The following is a joint media release from the Pacific Institute for Climate Solutions (PICS) and the BC Minister of Environment Terry Lake about today’s launch of the Climate Insights 101 online short courses series on climate change available at media release

The Pacific Institute for Climate Solutions (PICS) has today announced the launch of an innovative series of online climate change short courses for civil servants and British Columbians. Throwing the old-fashioned textbook approach out the window, “Climate Insights 101” uses a combination of animation, interviews and click-thrus to engage people on the basic concepts and findings of climate science research.

Today’s 10 a.m. official launch by Environment Minister Terry Lake at the Institute of Public Administration of Canada’s 63rd annual conference in Victoria sees the first of four planned modules in the series become available online at These courses, targeted for civil servants, are the first of their kind.

PICS Executive Director Dr. Tom Pedersen says the courses provide a vital bridge between the scientific community and BC’s 26,000 civil servants who help inform and shape the province’s policies and planning. “People who don’t work in science are often intimidated by it, so these courses will go a long way towards demystifying the physics of the climate change we are seeing. It makes traditionally tough subject matter accessible as well as entertaining.”

Lake says building a solid knowledge base within the province’s civil service is essential because climate change will impact not only the environment but also the economy, the way we live, how we use our land and water, and what our future agricultural options are. “BC is already a world leader in mitigating and preparing for climate change and these courses will help ensure we maintain that momentum.”

Module one, entitled “Climate Science Basics” consists of an introduction and four, 30-minute lessons on: CO2 and the greenhouse effect; climate change and Mother Nature’s influence; observable changes; and introduction to climate modelling.

A useful menu feature allows participants to click on specific subjects or questions, rather than having to go through the entire lesson from start to finish. Participants can also chose how in-depth they wish to go, having the option of an overview or a “learn more” function. Most lessons contain a “Clear the Air” segment that explores and corrects common misconceptions about climate change. These are on YouTube.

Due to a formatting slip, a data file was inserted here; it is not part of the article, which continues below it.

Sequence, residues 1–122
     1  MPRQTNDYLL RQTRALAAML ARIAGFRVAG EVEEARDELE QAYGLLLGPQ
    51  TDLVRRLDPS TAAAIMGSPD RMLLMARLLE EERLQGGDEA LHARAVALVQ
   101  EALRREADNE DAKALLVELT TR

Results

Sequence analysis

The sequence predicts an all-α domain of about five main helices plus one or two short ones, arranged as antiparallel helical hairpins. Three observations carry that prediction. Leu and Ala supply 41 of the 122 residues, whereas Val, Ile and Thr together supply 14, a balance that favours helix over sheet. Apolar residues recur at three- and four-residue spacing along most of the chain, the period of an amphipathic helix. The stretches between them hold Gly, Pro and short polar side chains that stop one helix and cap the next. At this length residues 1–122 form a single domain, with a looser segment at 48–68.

Module one’s content has been provided by climate change experts Pedersen and Dr. Francis Zwiers, director of UVic’s Pacific Climate Impacts Consortium and Intergovernmental Panel on Climate Change contributor. Environment Canada and the BC Ministry of Environment have also provided input.

Pedersen says the courses have a strong BC context but the global scope of the science makes it relevant to a wide audience. “I anticipate that schools, media and general society, as well as the target audience of people working in local government or ministries, will find the series invaluable for clarifying what is too often seen as a difficult or complicated issue.” Module two (regional climate change and its impacts), module three (adaptation) and module four (mitigation) are currently in production and are planned for release next year by PICS.

PICS is hosted and led by the University of Victoria in collaboration with the University of British Columbia, Simon Fraser University and the University of Northern British Columbia.

Media contacts: Robyn Meyer (PICS Communications) at +1-250-588-4053 or

Suntanu Dalal (Public Relations Officer, Ministry of Environment) at +1-250 387-9745 or